The Story of My People by Edoardo Nesi – A Review

The Story of My People
Edoardo Nesi
Opther Press, 2012, pg 163

Edoardo Nesi’s family owned a small textile factory in the Italian city of Prato in Tuscany. In September 2004 he had to sell it because there was no way to keep it running. In a world of global and free trade it was loosing money and he could not afford to keep it running, no mater how much he wanted. It was a sad moment for the Nesi family and one of many of the symbols of change that have come to the post war boom in Italy. No longer would Italy’s industrial resurgence after World War II be able to support the country. The world had changed too much and his act was one of many that ended the dreams of the post war generation.

What Nesi describes is an Italy of small manufacturers, often family run, that sprang up after World War II. Like his family, the owners of the textile mills in Prato were all small businesses that sold to countries like Germany and whose businesses relied on personal relations between the buyer and the seller. All of this was protected by the trade barriers and supports that supported not only Italian, but European manufacturers. Then came competition from China, but worse, as Nesi describes it, the Italian government lowered trade barriers without understanding the fundamental nature of the Italian economy, leaving the manufacturers without any defense against global competition. Even more irritating to Nesi, self proclaimed economic experts in leading papers spout pat phrases about learning to compete or the need to reinvest all the while having no idea how the businesses of Prato are supposed to do it. Germany, as he points out, was much more careful about its entry into world markets. Italy? They just threw away what they had and the small businesses had no time to change course. I think it was even harder for Nesi because from what he says, he leans conservative. In one of many of his attacks he says,

A world governed by the dogmas and the intellectual arrogance of economists, who on a daily basis set out to predict the future like so many shamans, or gurus, or prophets (and still, incredibly, continue to do so). Like seers, card readers, people possessed. Like sorcerers and wizards and haruspicies, these gentleman were predicting the future, evidently ignorant of the age-old lesson imparted by Francesco Guicciardini, from Resaissance Florence: he warned that de’ futuri contingenti non v’é scienza (there is no way to foretell the details of the future).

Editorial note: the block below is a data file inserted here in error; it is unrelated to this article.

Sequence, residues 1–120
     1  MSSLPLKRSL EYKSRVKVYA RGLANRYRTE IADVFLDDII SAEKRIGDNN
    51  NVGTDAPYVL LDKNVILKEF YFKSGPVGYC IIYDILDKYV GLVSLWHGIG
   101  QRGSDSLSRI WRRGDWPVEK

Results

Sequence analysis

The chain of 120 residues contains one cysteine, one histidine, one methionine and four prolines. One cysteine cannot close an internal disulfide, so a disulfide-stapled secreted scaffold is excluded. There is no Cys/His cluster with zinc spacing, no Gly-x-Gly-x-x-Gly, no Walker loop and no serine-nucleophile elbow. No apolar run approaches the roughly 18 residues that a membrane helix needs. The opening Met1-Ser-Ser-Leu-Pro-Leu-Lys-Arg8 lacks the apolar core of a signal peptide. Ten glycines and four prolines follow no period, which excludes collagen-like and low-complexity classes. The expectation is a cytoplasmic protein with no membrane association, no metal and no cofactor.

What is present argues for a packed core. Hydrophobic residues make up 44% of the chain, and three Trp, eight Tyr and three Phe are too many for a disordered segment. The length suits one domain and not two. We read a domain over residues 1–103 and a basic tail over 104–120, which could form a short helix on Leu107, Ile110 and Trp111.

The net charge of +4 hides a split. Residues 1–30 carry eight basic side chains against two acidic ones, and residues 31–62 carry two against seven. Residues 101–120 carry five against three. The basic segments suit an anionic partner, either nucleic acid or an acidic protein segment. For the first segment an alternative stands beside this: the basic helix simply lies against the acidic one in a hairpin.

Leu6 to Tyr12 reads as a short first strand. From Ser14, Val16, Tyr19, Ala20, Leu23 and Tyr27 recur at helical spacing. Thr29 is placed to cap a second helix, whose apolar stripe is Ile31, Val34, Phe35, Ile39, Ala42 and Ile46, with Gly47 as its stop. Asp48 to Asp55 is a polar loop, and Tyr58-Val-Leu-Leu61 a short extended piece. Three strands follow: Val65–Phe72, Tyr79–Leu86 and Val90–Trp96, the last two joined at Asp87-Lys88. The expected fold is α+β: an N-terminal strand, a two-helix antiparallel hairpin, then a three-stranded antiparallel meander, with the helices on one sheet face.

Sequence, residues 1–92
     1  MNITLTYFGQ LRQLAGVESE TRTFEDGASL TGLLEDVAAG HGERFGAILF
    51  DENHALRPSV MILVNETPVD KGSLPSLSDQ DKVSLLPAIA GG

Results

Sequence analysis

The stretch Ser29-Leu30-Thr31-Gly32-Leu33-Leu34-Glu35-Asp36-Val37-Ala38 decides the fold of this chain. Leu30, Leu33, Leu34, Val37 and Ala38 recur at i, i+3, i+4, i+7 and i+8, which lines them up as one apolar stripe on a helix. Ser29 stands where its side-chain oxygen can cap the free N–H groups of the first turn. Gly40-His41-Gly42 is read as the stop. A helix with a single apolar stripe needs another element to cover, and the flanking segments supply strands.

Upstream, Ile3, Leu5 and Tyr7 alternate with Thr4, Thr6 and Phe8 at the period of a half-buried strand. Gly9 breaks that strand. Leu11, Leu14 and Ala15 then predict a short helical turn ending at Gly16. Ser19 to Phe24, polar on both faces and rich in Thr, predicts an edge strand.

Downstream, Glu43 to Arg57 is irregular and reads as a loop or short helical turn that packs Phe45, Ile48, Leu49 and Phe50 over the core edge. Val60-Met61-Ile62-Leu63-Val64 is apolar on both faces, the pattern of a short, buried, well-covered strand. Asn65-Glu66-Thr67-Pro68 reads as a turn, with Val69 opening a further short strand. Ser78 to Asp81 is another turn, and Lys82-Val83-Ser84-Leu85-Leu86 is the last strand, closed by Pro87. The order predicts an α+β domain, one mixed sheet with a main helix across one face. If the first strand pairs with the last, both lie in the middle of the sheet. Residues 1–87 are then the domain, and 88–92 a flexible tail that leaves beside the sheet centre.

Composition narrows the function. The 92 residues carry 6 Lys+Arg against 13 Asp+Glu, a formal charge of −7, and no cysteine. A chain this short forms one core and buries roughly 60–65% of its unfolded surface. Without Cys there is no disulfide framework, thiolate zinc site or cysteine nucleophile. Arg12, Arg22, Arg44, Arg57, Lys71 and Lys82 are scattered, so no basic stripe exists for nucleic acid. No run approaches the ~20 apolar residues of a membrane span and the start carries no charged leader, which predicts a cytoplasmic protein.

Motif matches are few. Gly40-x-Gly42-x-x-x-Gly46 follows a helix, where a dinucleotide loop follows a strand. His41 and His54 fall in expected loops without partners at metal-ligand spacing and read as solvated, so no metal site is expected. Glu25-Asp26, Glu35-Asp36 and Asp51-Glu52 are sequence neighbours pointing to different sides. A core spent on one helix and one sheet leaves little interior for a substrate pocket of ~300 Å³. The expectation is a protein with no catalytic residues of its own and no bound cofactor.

The Story of My People is not just an economic analysis of Italy. It is an analysis of all the assumptions that underlay the post war boom, both economic and cultural. In one particularly fascinating section he asks, what is Italy and can it survive on its reputation alone: a reputation for the finer things, as if everyone could be an Armani, and a reputation for culture. The idea of Italy the purveyor of style is silly. Not enough can live on that. And to live on culture (which I also think means the glories of the past as a kind of land for tourists only)?

Because all of us need beauty–we need it desperately. But I can’t bring myself to use the word desperately. Not is front of my daughter, not even after my second martini. So I take her hand and, with the tune of Dylan’s song in the background, ask whether she wouldn’t like to inhabit a world where everyone could live on culture alone, a wonderful world where you could pay the butcher with a short story, the barkeep with a poem, or even build a house for yourself with a novel–and she laughs and says what beautiful fairy tale that would be, indeed, and tells me I ought to put it all in a book, this whole thing about a world that runs on culture.

From this critique of culture as its own product, he moves towards the impacts on the workers. In a the chapter he calls Nightmare, he describes the imaginary confrontation between a laid off middle aged worker, Fabio, and a rich Chinese emigrant (it would be helpful to point out that Prato has the second largest number of Chinese in Italy). Through a series of accidents and frustrations the Italian beats up the Chinese man. It is unfocused anger. The Italian worker does not belong to a right wing party, he just snaps at a gas station, his feelings of uselessness (this is when the British term redundancy is the most evocative) getting the best of him. He captures brilliantly the phenomenon that is going on all over the Europe and America:

Jenny Holzer once said, in one of those very elegant truisms that she put on LEDs in the eighties, “there is a resentment at growing up at the end of an era of plenty,” but Fabio would be happy to tell her that there is an even greater resentment at growing old at the end of an era of plenty.

In one of the most poignant pieces he returns with the police to one of the old work shops he had sold. It has been converted into a sweat shop where Chinese emigrants work in dangerous conditions, both in terms of fire and sanitation. His description of it shows his skill as a writer. In the visit he finds all the contradictions of the new global economy: Chinese imported just so that when they sew the garments together they can say they were made in Italy. It is an ugly scene, and he captures details that are at once beautiful and sad: